Much is being made right now of the speech by Rupert Murdoch to the American Society of Newspaper Editors. Some bloggers I've seen have picked a chunk that related to them and commented on it.
...when you ask journalists what they think about their readers, the picture grows darker. According to one recent study, the percentage of national journalists who have a great deal of confidence in the ability of the American public to make good decisions has declined by more than 20 points since 1999. Perhaps this reflects their personal politics and personal prejudices more than anything else, but it is disturbing.
This is a polite way of saying that reporters and editors think their readers are stupid. In any business, such an attitude toward one’s customers would not be healthy. But in the newspaper business, where we rely on people to come back to us each day, it will be disastrous if not addressed.
As one study said: “Even if the economics of journalism work themselves out, how can journalists work on behalf of a public they are coming to see as less wise and less able?”
I’d put it more dramatically: newspapers whose employees look down on their readers can have no hope of ever succeeding as a business.
The reason I picked this particular passage is due to an experience I've had with various news media. Last October, I began a project where I monitored the news for stories on domestic violence, using Google, Yahoo, Topix, and Bloglines. When errors of fact appeared, or a media outlet demonstrated an outstanding grasp of this complex, and sensitive issue, I'd e-mail them, either asking that the error be corrected and supplying the right information, or congratulatiing them on their good reporting, whatever the situation called for.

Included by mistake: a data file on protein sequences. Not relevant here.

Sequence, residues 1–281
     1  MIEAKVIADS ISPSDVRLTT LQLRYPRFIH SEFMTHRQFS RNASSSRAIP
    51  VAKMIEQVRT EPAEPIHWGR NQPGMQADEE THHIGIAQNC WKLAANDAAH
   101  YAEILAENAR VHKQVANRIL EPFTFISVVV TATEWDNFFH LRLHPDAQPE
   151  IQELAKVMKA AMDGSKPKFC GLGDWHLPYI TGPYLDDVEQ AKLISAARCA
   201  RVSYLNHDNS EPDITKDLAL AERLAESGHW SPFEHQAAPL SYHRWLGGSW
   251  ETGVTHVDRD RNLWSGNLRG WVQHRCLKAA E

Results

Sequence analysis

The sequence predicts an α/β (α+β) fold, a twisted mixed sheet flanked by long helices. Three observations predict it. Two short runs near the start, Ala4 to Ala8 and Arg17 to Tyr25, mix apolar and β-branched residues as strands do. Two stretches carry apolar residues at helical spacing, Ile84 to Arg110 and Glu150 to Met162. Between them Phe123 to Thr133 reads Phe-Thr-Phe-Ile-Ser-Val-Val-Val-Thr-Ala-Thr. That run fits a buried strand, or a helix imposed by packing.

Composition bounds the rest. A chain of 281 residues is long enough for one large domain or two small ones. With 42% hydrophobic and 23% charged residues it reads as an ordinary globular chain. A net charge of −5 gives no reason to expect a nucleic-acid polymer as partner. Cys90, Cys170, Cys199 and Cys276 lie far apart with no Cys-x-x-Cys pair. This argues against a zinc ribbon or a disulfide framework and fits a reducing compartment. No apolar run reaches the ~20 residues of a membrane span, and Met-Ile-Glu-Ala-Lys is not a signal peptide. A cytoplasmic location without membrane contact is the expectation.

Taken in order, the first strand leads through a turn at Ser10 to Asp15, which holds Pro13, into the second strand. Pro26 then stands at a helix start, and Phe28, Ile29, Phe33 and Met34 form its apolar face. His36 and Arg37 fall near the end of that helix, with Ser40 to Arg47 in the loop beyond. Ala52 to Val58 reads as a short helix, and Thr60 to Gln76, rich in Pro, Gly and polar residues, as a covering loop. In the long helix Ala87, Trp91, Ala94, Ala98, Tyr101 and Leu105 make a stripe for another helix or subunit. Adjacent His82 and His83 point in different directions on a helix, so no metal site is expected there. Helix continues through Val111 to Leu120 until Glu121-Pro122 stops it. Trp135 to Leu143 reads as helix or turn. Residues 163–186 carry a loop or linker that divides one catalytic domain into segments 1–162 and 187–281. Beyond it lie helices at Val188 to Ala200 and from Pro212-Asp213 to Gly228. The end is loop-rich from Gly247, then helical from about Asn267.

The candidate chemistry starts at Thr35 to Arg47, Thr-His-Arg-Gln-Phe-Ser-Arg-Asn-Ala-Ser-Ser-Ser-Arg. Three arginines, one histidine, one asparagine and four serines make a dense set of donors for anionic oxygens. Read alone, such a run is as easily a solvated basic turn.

It was a daunting task, with sometimes several hundred stories appearing in a day, as October is Domestic Violence Awareness Month. I did persist, however ;>) and by the end of the month I'd probably sent out 300+ e-mails to various papers, radio and TV stations.
Out of all of those, I got maybe 10 responses of any kind. No TV or radio station ever responded. Such responses as I got were all from newspaper reporters at small-town papers, mostly thanking me when I'd sent a "nice note."
Not once did any media outlet make any correction, even when I pointed out such things as faulty statistics or their reporting of nonexistent programs, even though I wasn't commenting on anything that was a matter of opinion, and supplied the correction along with the means of verifying what I was saying.
I didn't expect a response from them, not really. I've figured that they're mostly new at this kind of communications thing, and don't quite know what to do with a reader who approaches them with a specific detail to address. It isn't too suprising, though, to hear that they think their readers/viewers are stupid.
More discussion of the speech